Published March 17, 2010
Severe winter weather that hit shamrock farms hard, and a high demand for the plant for St. Patrick's Day may spell trouble for people in Ireland facing a shamrock shortage this March, Irishcentral.com reported Wednesday.
Shamrocks "won't be easily found" this week as the national plant is in short supply due to dwindling numbers and severe damage from winter frost, botanist Dr. Declan Doogue told Irishcentral.com.
"Bogus" shamrocks, plants that resemble clovers but aren't the real thing, are being used by many to replace shamrocks during the shortage. Doogue said he hoped President Obama would still receive the real thing from Irish Prime Minister Brian Cowen.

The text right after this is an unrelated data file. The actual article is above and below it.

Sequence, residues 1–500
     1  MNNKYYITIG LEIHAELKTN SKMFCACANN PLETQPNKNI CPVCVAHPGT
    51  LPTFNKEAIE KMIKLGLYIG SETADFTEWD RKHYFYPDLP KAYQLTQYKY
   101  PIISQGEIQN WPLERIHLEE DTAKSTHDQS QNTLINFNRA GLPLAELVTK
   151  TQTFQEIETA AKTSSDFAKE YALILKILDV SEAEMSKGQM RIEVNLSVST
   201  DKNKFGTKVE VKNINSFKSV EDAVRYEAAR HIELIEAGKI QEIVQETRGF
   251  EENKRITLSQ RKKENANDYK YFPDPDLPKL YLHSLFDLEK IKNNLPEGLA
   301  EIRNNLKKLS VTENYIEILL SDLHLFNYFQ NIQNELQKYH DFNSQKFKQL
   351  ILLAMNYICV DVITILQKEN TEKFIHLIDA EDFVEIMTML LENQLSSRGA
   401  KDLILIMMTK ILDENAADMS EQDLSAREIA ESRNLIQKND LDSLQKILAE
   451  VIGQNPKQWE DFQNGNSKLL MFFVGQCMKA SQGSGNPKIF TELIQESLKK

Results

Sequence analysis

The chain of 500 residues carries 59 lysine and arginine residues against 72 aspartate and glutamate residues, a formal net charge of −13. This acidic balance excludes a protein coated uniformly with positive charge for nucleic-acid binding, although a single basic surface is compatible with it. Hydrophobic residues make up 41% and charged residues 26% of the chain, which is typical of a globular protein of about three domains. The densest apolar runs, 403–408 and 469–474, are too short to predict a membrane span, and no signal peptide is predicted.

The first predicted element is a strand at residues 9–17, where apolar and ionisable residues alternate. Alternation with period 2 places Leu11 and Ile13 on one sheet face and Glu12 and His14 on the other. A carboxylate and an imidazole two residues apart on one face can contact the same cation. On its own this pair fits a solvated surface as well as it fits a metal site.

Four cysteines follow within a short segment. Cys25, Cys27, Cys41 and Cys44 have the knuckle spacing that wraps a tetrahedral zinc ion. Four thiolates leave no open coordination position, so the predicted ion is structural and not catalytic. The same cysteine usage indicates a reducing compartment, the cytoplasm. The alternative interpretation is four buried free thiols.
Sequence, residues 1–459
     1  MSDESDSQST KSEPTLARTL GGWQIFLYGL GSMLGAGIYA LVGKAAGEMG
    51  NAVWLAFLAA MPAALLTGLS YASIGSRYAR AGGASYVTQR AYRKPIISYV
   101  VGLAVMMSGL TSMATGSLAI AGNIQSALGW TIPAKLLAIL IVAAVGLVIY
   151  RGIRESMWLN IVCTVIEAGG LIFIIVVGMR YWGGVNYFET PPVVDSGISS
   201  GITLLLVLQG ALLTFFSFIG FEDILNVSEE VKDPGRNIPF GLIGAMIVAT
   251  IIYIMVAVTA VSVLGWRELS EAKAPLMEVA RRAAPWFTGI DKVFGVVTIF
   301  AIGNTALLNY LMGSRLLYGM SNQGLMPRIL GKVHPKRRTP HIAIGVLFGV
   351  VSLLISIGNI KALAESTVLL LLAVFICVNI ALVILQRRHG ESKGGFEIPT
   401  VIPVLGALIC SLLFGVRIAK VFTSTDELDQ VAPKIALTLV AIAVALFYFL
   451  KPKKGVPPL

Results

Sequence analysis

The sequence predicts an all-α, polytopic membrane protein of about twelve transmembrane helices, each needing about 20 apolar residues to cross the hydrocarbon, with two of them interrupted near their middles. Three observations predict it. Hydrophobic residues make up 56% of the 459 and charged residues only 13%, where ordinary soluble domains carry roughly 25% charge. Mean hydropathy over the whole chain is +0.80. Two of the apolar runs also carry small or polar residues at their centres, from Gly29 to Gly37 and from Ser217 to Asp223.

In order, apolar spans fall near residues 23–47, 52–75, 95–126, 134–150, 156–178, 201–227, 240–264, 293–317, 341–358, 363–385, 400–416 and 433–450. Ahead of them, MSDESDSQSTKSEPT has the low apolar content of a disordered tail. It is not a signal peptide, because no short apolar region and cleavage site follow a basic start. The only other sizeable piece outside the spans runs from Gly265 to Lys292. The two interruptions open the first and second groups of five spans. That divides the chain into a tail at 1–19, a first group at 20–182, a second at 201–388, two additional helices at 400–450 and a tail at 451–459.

In addition to severe weather, modern farming methods and quickly receding grassland where the clovers grow, are contributing to the "disastrous" loss of the shamrock's habitat.
The "bogus" shamrock that most people will wear on St. Patrick's Day is not in short supply but is also not a real clover, according to botanists.
These plants have three green leaves and are often sold and worn as shamrocks, Irishcentral.com reported.
Botanists did however tell Irishcentral.com that the shamrock is not exclusive to Ireland, and can be found growing in Britain and Northwest Europe.